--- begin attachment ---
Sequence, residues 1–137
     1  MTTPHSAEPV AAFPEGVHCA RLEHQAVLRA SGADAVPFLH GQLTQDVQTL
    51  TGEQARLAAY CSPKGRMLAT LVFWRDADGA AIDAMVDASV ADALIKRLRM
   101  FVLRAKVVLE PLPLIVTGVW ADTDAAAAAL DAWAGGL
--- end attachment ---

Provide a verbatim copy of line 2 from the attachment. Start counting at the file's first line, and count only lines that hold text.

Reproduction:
     1  MTTPHSAEPV AAFPEGVHCA RLEHQAVLRA SGADAVPFLH GQLTQDVQTL